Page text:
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var someObj = function() { }
var p = new someObj();

alert(someObj.prototype);   // This works
alert(p.prototype);         // UNDEFINED, but why?

someObj.prototype.model= "Nissan";
alert(p.model);             // This works! I understand the dynamic nature of prototypes, but doesn't that mean that p.prototype === someObj.prototype?

Why is this so? Since "p" is an instance of "someObj", why is the prototype undefined? I mean, when I add a property to "someObj" prototype, it is accessible to "p", so why is the prototype not accessible?

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5 Answers

up vote 8 down vote accepted

The important thing here is that the prototype property of function objects is not the prototype of an object. It's the object that will be assigned as the prototype of an object you create via new someObj. Prior to ES5, you can't directly access the prototype of an object; as of ES5, you can, via Object.getPrototypeOf.

Re

alert(p.prototype); // UNDEFINED, but why?

The reason is that the p object doesn't have a property called "prototype". It has an underlying prototype, but that's not how you access it.

All function objects have a property called prototype so that if they're used as constructor functions, we can define what the properties of the underlying prototype of the objects created by those constructors will be. This may help:

function Foo() {
}
Foo.prototype.answer = 42;

console.log(Foo.prototype.answer); // "42"
var f = new Foo();
console.log(f.answer); // "42"

That last line works like this:

  1. Get the f object.
  2. Does f have its own property called "answer"?
  3. No, does f have a prototype?
  4. Yes, does the prototype have its own property called "answer"?
  5. Yes, return the value of that property.

You've mentioned Object.create in the title of your question. It's important to understand that Object.create is quite separate from constructor functions. It was added to the language so that if you preferred not to use constructor functions, you didn't have to, but could still set the prototype of an object — directly, when you create that object.

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Excellent explanation –  Taha Ahmad Apr 26 '12 at 8:51
    
@TahaAhmad: Glad that helped! –  T.J. Crowder Apr 26 '12 at 8:52
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That's because prototype is a property of the constructor function, not a property of itself. However, the prototype object has a reference to the constructor, so you can access an object's prototype via its constructor property:

function Foo() {}

Foo.prototype.foo = "bar";

var c = new Foo;

console.log( c.constructor === Foo );   // true
console.log( c.constructor.prototype ); // { foo: 'bar' }

However, this will not work if you overwrite the initial prototype property of the constructor function:

function Foo() {}

// I overwrite the prototype property, so I lose the initial reference
// to the constructor.
Foo.prototype = {
  foo: "bar"
};

var c = new Foo;

console.log( c.constructor === Foo );    // false
console.log( c.constructor === Object ); // true
console.log( c.constructor.prototype );  // {}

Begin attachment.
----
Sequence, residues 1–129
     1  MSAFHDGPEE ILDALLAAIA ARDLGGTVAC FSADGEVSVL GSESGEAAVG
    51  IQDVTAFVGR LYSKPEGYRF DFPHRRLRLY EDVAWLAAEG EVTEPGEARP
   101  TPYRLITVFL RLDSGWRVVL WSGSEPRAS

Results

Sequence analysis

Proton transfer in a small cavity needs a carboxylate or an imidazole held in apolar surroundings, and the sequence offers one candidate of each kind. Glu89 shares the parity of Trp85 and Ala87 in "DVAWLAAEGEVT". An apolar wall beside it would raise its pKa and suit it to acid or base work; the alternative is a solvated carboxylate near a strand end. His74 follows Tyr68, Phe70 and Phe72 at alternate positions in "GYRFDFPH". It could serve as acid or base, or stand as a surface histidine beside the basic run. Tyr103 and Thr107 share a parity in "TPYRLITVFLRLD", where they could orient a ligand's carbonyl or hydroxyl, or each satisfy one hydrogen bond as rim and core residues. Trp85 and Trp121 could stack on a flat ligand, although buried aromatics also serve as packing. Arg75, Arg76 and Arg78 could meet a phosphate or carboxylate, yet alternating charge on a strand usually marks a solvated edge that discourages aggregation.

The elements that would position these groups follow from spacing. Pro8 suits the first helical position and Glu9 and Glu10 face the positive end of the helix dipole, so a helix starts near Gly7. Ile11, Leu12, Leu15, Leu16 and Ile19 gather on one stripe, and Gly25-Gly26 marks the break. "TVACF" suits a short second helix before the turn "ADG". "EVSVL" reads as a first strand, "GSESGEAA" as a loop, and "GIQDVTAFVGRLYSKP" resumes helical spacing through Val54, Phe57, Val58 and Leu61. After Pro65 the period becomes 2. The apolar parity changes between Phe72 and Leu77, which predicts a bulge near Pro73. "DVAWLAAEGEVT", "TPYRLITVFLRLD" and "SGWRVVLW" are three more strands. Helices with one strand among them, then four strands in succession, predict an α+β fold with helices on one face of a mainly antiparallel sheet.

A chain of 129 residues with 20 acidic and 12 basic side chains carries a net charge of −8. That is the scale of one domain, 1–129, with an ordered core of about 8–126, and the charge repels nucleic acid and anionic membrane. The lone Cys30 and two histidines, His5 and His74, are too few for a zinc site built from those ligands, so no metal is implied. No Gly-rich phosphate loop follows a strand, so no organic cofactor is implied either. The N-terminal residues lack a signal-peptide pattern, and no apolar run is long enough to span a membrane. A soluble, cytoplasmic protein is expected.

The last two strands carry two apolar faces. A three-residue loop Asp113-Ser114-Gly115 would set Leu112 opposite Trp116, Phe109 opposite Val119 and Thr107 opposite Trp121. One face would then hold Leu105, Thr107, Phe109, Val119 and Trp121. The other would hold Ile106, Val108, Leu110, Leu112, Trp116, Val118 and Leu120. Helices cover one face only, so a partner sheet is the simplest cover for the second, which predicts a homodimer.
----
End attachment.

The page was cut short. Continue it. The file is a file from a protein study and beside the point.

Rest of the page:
That's why you're better off using the new Object.getPrototypeOf method introduced in ES5.

function Foo() {}

Foo.prototype = {
  foo: "bar"
};

var c = new Foo;

console.log( c.constructor === Foo );    // false
console.log( c.constructor === Object ); // true
console.log( c.constructor.prototype );  // {}
console.log( Object.getPrototypeOf(c) ); // { foo: 'bar' }

Another solution would have been to make sure you restore the constructor reference on the prototype:

function Foo() {}

// Overwriting the initial prototype    
Foo.prototype = {
  constructor: Foo, // restore the constructor reference
  foo: "bar"
};
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p.prototype doesn't work because in this case p = someObj.prototype.

Basically when you use the new operator what happen is that the constructor someObj is used to initialize a new object. Which means it returns an object which have the properties and methods of the prototype of the constructor.

Thus p = someObj.prototype and p.prototype is undefined as p is not a constructor.

This article might help explains this more

http://www.htmlgoodies.com/html5/tutorials/javascript-prototypical-inheritance-explained.html#fbid=A2ikc3JLxeD

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Per Crowder's answer, the prototype is there and is accessible, through the use of Object.getPrototypeOf(p). If my understanding is correct, that the properties and methods get copied to new instances of objects, but that does not mean that p === someObj.prototype. It means p.prototype === someObj.prototype –  Taha Ahmad Apr 26 '12 at 8:50
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p is an instance of someObj. The prototype belongs to the constructor. You can retrieve p's constructor prototype using p.constructor.prototype

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In Javascript, constructors, and in fact all functions get a prototype property. An objects (that is, a set of key-value pairs), does not have a prototype property. In your example above,

var someObj = function() { } // this is a function, so it has a prototype property
var p = new someObj(); // this is an instance object, so it doesn't

That's why someObj.prototype is defined, but p.prototype is not.

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